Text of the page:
With continuous integration, is all the regression testing done as part of the build? Do you also recommend some manual or exploratory regression testing with each build?
The purpose of continuous integration is to provide quick feedback. At the unit level, we should learn within a few minutes whether a check-in broke existing code. At the API and GUI levels, this feedback should still be quick – within an hour at most. This ensures that the developer who checked in the problematic code can identify and fix the problem right away, and keep the build “green.”
Agile teams work in tiny increments, which means that each developer checks in many times per day. This includes checking in test code. On my team, we have ten, twenty, thirty or sometimes more check-ins, and thus that many builds, in one day. You can’t deploy that many builds in one day, but you can make sure the code compiles, links, and runs any automated regression tests without errors. We use the check-in comments to decide which builds we want to deploy and test manually.
Each user story requires several testing activities. One is automating tests to drive coding, some of which will become part of the automated regression suite once they’re passing. Another is manual exploratory testing. The automated regression tests run on each build, but you have to choose which builds you want to deploy to do manual exploratory testing.
Whenever an automated regression test at any level (unit, API, GUI) fails, getting the build job “green” again is the highest priority of the team (aside from a severe production problem). Normally, the developer who checked in the code which broke a test investigates, and checks in a fix as soon as possible. However, the problem may actually be a test that needs updating, or something not related to tests or code – for example, the build machine ran out of disk space. In all cases, someone needs to take responsibility to get the build passing again. Having passing regression tests all day, every day, is our highest priority, because we need that continual, short feedback loop. Just as important is the additional time we have for exploratory testing, since we don’t need to do manual regression checks. Depending on the results of exploratory testing, we may automate more regression tests, or write new user stories for future development.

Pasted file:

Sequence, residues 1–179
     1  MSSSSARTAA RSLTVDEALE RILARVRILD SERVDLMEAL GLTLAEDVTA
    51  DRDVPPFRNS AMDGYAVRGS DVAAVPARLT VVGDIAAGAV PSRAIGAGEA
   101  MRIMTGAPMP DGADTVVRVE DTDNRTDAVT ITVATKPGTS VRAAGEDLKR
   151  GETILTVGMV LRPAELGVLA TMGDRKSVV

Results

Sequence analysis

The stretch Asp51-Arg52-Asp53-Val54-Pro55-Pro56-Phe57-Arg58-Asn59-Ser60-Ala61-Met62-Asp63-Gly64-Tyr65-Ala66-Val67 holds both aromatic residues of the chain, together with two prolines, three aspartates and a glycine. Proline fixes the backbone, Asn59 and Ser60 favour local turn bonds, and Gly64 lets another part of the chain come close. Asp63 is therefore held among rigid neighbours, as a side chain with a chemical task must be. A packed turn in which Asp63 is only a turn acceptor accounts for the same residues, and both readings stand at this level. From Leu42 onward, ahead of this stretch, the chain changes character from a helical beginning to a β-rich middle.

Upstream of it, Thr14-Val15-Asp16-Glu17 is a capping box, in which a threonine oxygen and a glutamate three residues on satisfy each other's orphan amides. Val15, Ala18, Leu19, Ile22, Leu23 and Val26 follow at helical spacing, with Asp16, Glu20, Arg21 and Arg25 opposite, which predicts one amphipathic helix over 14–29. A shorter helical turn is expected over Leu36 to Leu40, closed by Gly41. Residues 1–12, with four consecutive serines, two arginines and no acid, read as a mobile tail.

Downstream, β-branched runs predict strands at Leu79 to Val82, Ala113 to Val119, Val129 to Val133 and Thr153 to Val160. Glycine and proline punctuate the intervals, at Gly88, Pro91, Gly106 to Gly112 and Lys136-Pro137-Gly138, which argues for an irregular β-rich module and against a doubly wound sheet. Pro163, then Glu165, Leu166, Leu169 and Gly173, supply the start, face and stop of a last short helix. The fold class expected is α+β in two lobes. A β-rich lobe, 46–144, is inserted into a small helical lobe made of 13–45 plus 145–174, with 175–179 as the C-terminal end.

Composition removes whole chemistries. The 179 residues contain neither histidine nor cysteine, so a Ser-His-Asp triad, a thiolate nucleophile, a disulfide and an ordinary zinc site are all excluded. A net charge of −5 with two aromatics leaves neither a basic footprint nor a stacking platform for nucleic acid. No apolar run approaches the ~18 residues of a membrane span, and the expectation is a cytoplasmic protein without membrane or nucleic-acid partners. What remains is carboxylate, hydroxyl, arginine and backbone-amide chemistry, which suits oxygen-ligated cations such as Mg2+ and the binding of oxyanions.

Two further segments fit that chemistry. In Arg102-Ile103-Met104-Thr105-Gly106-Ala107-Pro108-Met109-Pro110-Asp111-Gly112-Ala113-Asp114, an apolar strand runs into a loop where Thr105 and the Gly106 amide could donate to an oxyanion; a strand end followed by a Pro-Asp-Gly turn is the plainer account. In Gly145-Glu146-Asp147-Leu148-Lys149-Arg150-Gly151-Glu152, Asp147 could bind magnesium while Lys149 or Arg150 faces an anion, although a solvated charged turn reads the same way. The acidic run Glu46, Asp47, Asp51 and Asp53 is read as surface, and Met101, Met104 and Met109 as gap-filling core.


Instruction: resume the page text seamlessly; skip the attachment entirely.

For a comprehensive resource on continuous integration, see Continuous integration: Achieving speed and quality in release management.
Dig Deeper on Topics Archive
Related Q&A from Lisa Crispin
Agile leader Lisa Crispin explains a more organic, more Agile approach to test reporting. Continue Reading
When it comes to Agile planning, average time over many iterations is a more important metric than individual story estimates. Continue Reading
Most inexperienced Scrum teams overcommit on what they will deliver, and when. Agile leader Lisa Crispin says that does more harm than good. Continue Reading